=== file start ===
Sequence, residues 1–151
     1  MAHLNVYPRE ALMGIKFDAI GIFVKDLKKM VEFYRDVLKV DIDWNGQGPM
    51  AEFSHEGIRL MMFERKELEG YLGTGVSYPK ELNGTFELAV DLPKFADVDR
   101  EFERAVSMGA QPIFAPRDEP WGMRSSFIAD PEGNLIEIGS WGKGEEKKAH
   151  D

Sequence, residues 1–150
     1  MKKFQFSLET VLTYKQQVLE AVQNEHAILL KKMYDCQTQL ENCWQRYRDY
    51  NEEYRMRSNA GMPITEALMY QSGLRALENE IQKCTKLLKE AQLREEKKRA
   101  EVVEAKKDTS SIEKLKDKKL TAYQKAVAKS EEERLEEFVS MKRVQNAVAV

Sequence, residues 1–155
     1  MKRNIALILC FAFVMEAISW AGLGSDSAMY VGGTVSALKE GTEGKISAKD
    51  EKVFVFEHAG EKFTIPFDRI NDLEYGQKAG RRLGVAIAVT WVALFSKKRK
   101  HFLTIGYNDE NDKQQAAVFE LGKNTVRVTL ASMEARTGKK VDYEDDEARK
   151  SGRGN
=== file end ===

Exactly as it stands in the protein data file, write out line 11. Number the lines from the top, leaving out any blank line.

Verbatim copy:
     1  MKRNIALILC FAFVMEAISW AGLGSDSAMY VGGTVSALKE GTEGKISAKD